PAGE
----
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Cavaliers adjust to summer schedule

By KEVIN ECKLEBERRY

Daily News

In sports, how much success a team enjoys is oftentimes directly related to how well it overcomes the challenges and obstacles in its path.

In this era of the coronavirus which has changed so much in the world of sports, high-school football players and coaches are facing plenty of adversity and uncertainty as they prepare for a season that is supposed to begin in about two months.

Teams were in the midst of their offseason strength and conditioning programs and preparing for the start of spring practice when everything was shut down because of the coronavirus.

After a shutdown that lasted nearly three months, teams were given the go-ahead to begin summer conditioning on June 8, with plenty of restrictions.

One of those restrictions involved the number of people that could be included in a workout group. That number started out at 20 people, which included players and coaches, and for the first two weeks of workouts teams weren’t allowed to use footballs.

The Callaway Cavaliers, like every other team in the state, have had to adjust to the changes, and while it has no doubt been a challenge, head coach Pete Wiggins said he is “proud of how our coaches and our players have handled the situation.”

“I think we’ve gotten better,” Wiggins added. “I really like the format that we’ve established. I like the camaraderie that each group has built with each other, but also with their coaches. We spent a lot of time developing each group. We made a lot of changes to get to where we are. I feel like have had success. The effort, the competition between each group has been high, but within each group they’re pushing one another, and the coaches have done a great job just demanding out of each one of them.”

When the Georgia High School Association released the guidelines for the start of summer conditioning, Wiggins and his fellow coaches went to work to lay out a plan for the return of the players.

An extensive and detailed plan was created for the coaches to follow during the workout sessions, and great care also went into deciding what the groups would look like.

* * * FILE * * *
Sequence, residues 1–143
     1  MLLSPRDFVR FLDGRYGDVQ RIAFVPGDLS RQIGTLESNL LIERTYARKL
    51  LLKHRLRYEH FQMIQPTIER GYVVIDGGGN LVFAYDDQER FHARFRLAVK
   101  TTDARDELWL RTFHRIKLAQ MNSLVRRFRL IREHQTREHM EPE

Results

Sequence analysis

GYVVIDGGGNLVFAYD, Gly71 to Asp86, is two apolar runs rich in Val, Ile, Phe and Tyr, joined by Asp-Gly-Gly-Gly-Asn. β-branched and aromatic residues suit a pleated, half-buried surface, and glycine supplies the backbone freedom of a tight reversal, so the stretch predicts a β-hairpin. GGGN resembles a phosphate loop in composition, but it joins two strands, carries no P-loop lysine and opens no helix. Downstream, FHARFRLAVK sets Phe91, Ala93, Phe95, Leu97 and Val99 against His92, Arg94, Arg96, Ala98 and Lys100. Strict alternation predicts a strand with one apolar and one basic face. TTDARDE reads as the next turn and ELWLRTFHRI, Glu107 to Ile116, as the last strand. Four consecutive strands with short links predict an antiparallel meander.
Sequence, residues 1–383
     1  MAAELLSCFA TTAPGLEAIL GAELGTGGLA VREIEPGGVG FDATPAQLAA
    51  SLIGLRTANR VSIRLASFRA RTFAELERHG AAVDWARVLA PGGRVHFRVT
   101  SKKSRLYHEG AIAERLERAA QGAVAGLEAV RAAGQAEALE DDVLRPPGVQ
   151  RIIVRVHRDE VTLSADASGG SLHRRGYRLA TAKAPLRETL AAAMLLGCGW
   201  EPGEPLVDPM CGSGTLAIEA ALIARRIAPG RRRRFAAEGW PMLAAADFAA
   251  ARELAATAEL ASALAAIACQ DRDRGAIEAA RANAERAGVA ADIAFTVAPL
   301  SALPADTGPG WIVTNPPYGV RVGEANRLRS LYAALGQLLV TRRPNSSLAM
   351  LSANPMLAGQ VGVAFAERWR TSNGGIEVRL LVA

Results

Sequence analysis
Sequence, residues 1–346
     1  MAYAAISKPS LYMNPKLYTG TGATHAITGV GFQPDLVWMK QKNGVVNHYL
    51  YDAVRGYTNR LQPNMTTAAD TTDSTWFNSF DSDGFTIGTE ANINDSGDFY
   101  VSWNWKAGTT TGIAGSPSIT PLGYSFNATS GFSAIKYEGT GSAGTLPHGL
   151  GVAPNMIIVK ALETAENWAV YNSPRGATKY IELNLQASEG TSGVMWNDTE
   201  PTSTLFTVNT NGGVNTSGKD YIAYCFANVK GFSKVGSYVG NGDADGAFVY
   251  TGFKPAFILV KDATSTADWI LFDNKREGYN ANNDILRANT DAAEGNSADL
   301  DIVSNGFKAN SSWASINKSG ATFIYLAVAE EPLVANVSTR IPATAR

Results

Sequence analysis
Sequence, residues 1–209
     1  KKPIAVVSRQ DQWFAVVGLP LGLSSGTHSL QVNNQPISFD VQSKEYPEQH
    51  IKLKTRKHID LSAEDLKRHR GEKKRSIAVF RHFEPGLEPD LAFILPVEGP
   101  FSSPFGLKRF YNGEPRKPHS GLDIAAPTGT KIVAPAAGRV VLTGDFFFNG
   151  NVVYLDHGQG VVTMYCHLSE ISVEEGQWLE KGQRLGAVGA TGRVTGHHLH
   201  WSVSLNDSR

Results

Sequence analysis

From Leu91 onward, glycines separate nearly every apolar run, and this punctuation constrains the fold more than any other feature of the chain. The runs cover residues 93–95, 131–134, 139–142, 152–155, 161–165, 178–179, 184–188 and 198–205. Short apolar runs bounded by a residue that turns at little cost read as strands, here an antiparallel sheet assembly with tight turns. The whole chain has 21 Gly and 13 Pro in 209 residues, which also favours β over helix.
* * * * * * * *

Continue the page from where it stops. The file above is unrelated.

“We erased names, and we put them back up,” Wiggins said. “Later that night there’d be a change of opinion, and we’d move somebody. I feel like in the end, it’s been successful because of the preparation we put into each group, and putting the kids with the right coach. So I’m pleased with it, and for down the road when we get through this adversity with the coronavirus, we’re going to use similar strategies for the weight room from here on out.”

Wiggins has been Callaway’s head coach since 2005, and under his guidance the program has become a powerhouse.

The Cavaliers have been in the state playoffs for 14 consecutive seasons, and they’ve won at least one playoff game every year but once since 2008 while reaching the state semifinals four times since 2013.

A key to Callaway’s success no doubt stems from a summer program that has remained mostly the same, but it has clearly had to chance drastically this year.

“We miss the competition, the seven on sevens, the Mike Hodges offensive-line camp, the OTAs, and those things in the past have been the foundation of what I feel like has made us better,” Wiggins said. “We haven’t gotten to do that, but at this point everybody is on the same playing field. You look at the positives, and the small group setting, the coaches are getting better, the players are getting better, they’re getting more attention, and I think we find out a lot more about younger kids. So, I’m pleased with it.”

While Wiggins believes the smaller groups help the players, he also feels “the coaches have benefited from it.”

“Some of the coaches have been put in situations where they’re running the show,” Wiggins said. “They’re having more weight on their shoulder than the normal summer, because each group is their own group, it’s their own team. I think it’s been good for the kids, but for the coaches.”

Beginning on Monday, teams in Georgia can begin using footballs after not being permitted to use them the first two weeks.

Wiggins doesn’t expect the routine to be much different, though, in what will be Callaway’s final week of workouts before the GHSA-mandated “dead week” the week of July 4th.

“Obviously there’s some consideration with the email that the GHSA sent out (permitting the use of footballs), but we’re not going to change much,” Wiggins said. “We’re going to finish this next week up strong, and I’m proud of what we’ve accomplished, and where we are at this point. We’ll regroup over the break and get started.”

Callaway has preseason games against Harris County on Aug. 7 and Darlington on Aug. 14 before opening the regular season on Aug. 21 against Opelika.

The Cavaliers are coming off another ultra-successful season.

Callaway went 12-2 and reached the Class AA state semifinals before losing to Brooks County 39-35.